posted by nangar at 10:01 AM on September 14, 2013 [5 favorites]


Syncope: It's very complicated. Basically the process is:

1) Using only the letters and others sources (often Acts, which is taken with a hearty grain of salt), create a timeline of Paul's life.
2) Begin slotting letters into the timeline (in letter X he says he's been away from community Y for 6 months, and has been in Ephesus that entire time, so...).
3) Then start looking for statements that are indicative of some extra-biblical context (unrest, a specific and rarely-used name, etc.) that would allow the placing of an actual date on things so that other dates can be derived.

Like, the actual dating of Galatians is debated. Most people agree either early- or mid-50s, but the exact dating depends on whether the letter was sent to the South Galatian community or the North Galatian community, both in Asia minor. If he went to the North, this is an heretofore unknown trip to the Celtic tribes of Asia minor.* If he went to the southern Galatian communities, this would have been on a previously-mentioned (in Acts) missionary trip to the Roman province. If it's to the South, the trip will be earlier rather than later (usually). If it's to the North, a later trip. A lot of the argument as to whether he went North or South is further broken down into Paul's tendency to use Roman provincial names instead of local regional names etc. etc.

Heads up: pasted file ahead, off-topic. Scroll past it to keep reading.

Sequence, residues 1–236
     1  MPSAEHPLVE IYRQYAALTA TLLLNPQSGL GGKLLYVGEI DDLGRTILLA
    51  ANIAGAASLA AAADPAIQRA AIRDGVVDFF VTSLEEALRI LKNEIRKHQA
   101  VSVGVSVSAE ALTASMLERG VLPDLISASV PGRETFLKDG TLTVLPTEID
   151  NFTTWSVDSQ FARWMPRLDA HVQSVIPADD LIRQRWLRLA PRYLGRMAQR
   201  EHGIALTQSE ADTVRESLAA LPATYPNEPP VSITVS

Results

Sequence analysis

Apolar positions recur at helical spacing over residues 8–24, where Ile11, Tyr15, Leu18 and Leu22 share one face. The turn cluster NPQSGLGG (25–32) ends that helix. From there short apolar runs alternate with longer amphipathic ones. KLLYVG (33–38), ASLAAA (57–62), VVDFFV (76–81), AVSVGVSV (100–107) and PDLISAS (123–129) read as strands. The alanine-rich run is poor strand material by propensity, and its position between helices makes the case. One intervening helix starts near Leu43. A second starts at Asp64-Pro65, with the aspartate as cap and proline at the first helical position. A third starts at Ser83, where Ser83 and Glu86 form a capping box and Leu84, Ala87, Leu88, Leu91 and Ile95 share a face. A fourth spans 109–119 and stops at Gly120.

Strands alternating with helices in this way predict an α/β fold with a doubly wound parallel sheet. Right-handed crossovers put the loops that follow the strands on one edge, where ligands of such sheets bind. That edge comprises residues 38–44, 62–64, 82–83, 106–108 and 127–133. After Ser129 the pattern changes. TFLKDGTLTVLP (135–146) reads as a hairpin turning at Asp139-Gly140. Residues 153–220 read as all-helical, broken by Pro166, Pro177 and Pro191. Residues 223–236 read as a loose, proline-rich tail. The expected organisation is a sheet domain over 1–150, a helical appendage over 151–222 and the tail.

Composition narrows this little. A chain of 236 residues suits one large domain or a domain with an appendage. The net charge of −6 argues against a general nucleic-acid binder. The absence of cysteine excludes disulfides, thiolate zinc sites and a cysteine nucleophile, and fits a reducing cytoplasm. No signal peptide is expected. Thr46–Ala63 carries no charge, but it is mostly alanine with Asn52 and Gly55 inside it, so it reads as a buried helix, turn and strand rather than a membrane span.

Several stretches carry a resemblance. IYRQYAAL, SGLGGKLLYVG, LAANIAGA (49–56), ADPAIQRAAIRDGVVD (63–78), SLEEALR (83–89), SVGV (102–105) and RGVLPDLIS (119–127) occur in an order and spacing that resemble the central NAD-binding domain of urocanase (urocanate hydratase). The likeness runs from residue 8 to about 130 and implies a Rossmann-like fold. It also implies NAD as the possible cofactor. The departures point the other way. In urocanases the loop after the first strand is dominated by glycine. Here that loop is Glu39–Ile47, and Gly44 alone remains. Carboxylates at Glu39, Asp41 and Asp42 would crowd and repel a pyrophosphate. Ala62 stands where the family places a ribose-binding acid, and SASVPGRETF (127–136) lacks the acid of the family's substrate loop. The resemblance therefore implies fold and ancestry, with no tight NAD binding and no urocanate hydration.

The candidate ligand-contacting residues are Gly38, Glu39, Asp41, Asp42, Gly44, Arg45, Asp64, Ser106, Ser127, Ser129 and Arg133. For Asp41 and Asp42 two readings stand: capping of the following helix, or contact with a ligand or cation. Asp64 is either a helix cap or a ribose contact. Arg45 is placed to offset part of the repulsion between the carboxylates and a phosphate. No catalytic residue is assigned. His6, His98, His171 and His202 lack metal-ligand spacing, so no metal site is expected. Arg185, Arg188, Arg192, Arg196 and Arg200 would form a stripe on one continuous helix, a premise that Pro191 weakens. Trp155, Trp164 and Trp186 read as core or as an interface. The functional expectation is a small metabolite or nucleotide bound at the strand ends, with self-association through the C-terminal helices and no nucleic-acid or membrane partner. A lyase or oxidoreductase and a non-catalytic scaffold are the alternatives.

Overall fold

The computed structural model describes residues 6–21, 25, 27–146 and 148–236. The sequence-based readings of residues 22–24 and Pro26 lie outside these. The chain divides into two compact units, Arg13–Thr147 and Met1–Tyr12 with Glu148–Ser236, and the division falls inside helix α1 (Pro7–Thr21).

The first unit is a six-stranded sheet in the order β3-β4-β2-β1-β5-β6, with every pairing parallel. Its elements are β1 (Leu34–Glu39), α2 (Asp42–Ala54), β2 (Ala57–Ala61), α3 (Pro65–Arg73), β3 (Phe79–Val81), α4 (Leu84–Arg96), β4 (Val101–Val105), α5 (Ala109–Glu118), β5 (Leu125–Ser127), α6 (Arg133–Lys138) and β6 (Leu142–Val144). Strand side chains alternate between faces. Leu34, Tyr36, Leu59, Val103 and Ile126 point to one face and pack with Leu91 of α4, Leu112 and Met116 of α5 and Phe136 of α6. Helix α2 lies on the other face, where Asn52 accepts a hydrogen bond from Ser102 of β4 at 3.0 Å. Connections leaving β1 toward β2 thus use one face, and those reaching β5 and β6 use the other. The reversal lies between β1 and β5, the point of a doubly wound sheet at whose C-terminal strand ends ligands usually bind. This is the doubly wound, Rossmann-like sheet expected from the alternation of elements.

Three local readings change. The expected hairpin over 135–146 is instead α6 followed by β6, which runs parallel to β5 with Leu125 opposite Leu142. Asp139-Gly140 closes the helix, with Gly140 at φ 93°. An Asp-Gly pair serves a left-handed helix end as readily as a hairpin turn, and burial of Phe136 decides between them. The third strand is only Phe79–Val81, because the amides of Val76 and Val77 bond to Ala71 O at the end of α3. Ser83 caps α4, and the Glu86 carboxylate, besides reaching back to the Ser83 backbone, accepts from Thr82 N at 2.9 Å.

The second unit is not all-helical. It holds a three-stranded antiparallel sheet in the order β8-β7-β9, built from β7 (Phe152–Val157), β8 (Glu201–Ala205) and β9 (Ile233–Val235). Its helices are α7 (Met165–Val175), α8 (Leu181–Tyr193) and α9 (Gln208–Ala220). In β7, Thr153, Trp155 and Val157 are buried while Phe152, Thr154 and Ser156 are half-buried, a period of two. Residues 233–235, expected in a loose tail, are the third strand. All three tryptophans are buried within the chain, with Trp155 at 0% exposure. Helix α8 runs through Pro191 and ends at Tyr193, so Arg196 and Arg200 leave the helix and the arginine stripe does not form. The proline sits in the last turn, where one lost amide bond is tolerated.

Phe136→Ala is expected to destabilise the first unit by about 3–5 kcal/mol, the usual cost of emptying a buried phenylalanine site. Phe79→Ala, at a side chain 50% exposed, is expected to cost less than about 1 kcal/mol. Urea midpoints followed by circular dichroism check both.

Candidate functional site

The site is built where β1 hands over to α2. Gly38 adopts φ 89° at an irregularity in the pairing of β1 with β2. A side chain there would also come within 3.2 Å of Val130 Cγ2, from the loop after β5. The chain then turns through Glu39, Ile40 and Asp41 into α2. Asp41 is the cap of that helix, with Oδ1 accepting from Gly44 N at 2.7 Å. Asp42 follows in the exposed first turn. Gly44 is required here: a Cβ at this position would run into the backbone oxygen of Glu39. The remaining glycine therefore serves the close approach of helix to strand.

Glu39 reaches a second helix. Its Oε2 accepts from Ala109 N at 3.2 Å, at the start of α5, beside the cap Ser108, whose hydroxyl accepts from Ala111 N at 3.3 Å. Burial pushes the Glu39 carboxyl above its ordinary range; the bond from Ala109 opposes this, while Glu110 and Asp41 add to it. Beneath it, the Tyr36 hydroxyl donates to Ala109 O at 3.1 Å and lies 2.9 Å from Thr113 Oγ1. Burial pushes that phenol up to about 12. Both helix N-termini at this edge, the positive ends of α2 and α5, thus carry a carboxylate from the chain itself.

*Yes, Celtic tribes of Asia Minor. Not a typo.
posted by flibbertigibbet at 10:03 AM on September 14, 2013 [4 favorites]


Would love to see more articles like this on more subjects.

Fact is, Harry Potter was really just an ordinary boarding school kid with some talent for football. But some notebooks were found belonging to a group of infatuated girls and it all kind of snowballed...
posted by George_Spiggott at 10:05 AM on September 14, 2013 [6 favorites]


I enjoy how this thread has become the subject of the article.
posted by The Whelk at 10:07 AM on September 14, 2013 [9 favorites]


Interview with Dennis R. MacDonald on a similar topic, though not the same author we're discussing here.
posted by Brian B. at 10:11 AM on September 14, 2013


This reminds me of Gore Vidal's essay on how Jesus couldn't possibly have been celibate, because in the earthy culture of 1st century Judaism celibacy would have been considered extremely weird and somebody would have mentioned it in one of the many writings about him. Since nobody mentioned such an oddity, Jesus most likely had a wife and family like normal people.